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The Fantasy of Globalism

The Latin American Neo-Baroque

John V. Waldron

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For many, the advent of globalization brought with it an end to the way that the world had been viewed previous to the fall of the Berlin Wall. Among the many endings the one that most concerns my book is the perceived foreclosure of any alternatives to the capitalistic ideology that structures globalization. Even criticisms of globalization are bounded by its limits since the critical models they use cannot conceive of a space outside its homogenizing discourse. Against the final limits that shape most interpretations of globalization, I show how writers on the periphery of the globalizing north, through the development and deployment of neo-baroque imaginings, offer a different possibility to monological globalism. I show that the baroque has been a way of resisting and reconfiguring the colonial gaze in Latin America since the time of the first encounter to the present. « less more »
Lexington Books
Pages: 192Size: 6 1/4 x 9 3/4
978-0-7391-7776-1 • Hardback • December 2013 • $84.00 • (£54.95)
978-1-4985-5725-2 • Paperback • April 2017 • $42.99 • (£29.95)
978-0-7391-7777-8 • eBook • December 2013 • $42.99 • (£29.95)
John is associate professor of Spanish, global studies and Latin American and Caribbean studies at the University of Vermont. He has published articles on the literature of Puerto Rico, Mexico, Cuba and their diasporas.
Table of Contents:
Introduction
Chapter 1: Globalization, the Neobaroque and the Gaze
Chapter 2: El reino de este mundo and the Ghost of Haiti
Chapter 3: The National Symptom in Three Puerto Rican Authors: René Marqués, Ana Lydia Vega and Judith Ortiz Cofer
Chapter 4: An Interlude: Magical Realism and Failed Incorporation
Chapter 5: The Vanishing Real: Magical Realism’s Political Swerve in García Márquez’s “La increíble y triste historia de la cándida Eréndira y su abuela desalmada”
Chapter 6: Engaging the Darkness in Mayra Montero’s Tú, la oscuridad
In The Fantasy of Globalism, John Waldron brings together texts that are often read in terms of the Neo-baroque and combines these with some unexpected choices to demonstrate how these writers engage with imperial, colonial representations of Latin American and the Caribbean throughout the twentieth and twenty-first centuries. Waldron’s dynamic and insightful readings of authors such as Alejo Carpentier, Gabriel García Márquez, Ana Lydia Vega, Judith Ortiz Cofer, and Mayra Montero, in conjunction with contemporary theoretical ideas about globalization which he roots in the baroque, create a dialogue among old and new voices and a much-needed revision of concepts such as magical realism. The scope of Waldron’s project is impressive, and he tackles it with intelligence, acumen, and compassion. His book adds another intriguing perspective to the on-going conversation about Latinamericanism today.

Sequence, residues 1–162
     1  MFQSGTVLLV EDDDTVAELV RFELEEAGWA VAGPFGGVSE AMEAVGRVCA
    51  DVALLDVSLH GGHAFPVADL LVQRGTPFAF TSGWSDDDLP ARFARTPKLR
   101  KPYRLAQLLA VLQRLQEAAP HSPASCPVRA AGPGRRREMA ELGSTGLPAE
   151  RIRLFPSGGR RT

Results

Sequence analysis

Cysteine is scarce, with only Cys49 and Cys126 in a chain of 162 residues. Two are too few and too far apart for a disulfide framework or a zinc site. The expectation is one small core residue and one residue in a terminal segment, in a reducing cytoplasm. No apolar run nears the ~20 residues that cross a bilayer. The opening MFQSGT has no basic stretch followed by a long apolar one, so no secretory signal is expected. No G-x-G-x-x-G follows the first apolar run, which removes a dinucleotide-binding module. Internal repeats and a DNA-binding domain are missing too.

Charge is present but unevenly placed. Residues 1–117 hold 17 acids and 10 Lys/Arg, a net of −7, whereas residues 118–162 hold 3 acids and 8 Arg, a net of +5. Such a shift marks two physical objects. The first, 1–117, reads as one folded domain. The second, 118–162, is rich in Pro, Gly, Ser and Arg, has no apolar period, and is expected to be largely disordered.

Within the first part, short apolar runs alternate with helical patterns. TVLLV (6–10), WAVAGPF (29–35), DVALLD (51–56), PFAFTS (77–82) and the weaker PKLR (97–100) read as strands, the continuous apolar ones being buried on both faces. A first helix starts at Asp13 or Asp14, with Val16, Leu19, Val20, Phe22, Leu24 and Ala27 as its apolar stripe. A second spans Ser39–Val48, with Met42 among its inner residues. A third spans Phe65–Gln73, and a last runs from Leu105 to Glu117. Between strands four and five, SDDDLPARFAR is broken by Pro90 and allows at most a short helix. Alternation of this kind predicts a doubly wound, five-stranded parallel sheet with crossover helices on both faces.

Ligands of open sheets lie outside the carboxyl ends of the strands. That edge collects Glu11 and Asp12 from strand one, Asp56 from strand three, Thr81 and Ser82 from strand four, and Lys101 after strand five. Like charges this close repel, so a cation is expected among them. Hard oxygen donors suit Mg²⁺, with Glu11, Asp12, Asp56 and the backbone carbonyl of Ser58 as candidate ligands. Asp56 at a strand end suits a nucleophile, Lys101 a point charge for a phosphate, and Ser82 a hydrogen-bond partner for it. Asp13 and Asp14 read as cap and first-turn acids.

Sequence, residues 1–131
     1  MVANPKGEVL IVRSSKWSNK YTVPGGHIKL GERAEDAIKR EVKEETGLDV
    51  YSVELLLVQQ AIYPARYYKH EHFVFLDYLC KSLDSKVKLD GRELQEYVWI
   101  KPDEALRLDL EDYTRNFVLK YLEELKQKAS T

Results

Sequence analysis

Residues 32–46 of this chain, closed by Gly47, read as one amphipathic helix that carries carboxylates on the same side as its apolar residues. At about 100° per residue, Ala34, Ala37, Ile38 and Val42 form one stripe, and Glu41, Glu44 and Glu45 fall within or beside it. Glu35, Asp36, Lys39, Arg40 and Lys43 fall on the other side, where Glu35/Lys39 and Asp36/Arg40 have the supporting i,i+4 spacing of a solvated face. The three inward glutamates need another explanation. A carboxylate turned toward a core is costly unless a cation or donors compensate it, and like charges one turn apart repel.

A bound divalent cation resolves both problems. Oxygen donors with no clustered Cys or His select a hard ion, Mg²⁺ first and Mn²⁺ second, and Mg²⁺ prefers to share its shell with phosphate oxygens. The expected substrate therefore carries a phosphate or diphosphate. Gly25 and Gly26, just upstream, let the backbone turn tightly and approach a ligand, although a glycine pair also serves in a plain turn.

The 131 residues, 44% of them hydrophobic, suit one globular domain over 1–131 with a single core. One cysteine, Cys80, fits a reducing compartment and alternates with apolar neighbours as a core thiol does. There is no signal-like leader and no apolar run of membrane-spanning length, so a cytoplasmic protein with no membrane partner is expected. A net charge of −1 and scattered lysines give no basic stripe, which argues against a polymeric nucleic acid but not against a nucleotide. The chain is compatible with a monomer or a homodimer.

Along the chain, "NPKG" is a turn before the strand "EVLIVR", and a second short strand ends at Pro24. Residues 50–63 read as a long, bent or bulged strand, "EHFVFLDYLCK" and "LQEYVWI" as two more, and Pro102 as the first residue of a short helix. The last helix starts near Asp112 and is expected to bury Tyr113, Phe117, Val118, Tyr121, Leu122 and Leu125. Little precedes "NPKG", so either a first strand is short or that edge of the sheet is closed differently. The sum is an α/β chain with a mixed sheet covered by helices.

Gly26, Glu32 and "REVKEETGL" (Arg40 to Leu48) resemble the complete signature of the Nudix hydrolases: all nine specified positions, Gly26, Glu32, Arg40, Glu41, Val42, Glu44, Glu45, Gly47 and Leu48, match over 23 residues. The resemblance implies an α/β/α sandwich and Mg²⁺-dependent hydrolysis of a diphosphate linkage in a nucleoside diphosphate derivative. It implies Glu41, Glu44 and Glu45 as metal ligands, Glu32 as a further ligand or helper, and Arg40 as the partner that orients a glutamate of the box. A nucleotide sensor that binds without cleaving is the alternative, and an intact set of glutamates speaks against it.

Jill S. Kuhnheim, University of Kansas


John Waldron's book brings together disparate critical perspectives in current Latin Americanist practice. Ranging from Alejo Carpentier to Mayra Montero, from Severo Sarduy to Antonio Viego, Waldron picks up the pieces of twentieth-century practice and weaves them into a reading strategy for the twenty-first. His choices in both fiction and criticism span a generational gap in Latin Americanism by reading 'classic' texts and criticism in the context of globalization, which allows Waldron to revive Magical Realism from its commodified tomb. Waldron's erudite, insightful readings and articulate prose then redeploy Magical Realism and contemporary Latin Americanism to destabilize the crippling hegemony of the present.
Marcus Embry, University of Northern Colorado


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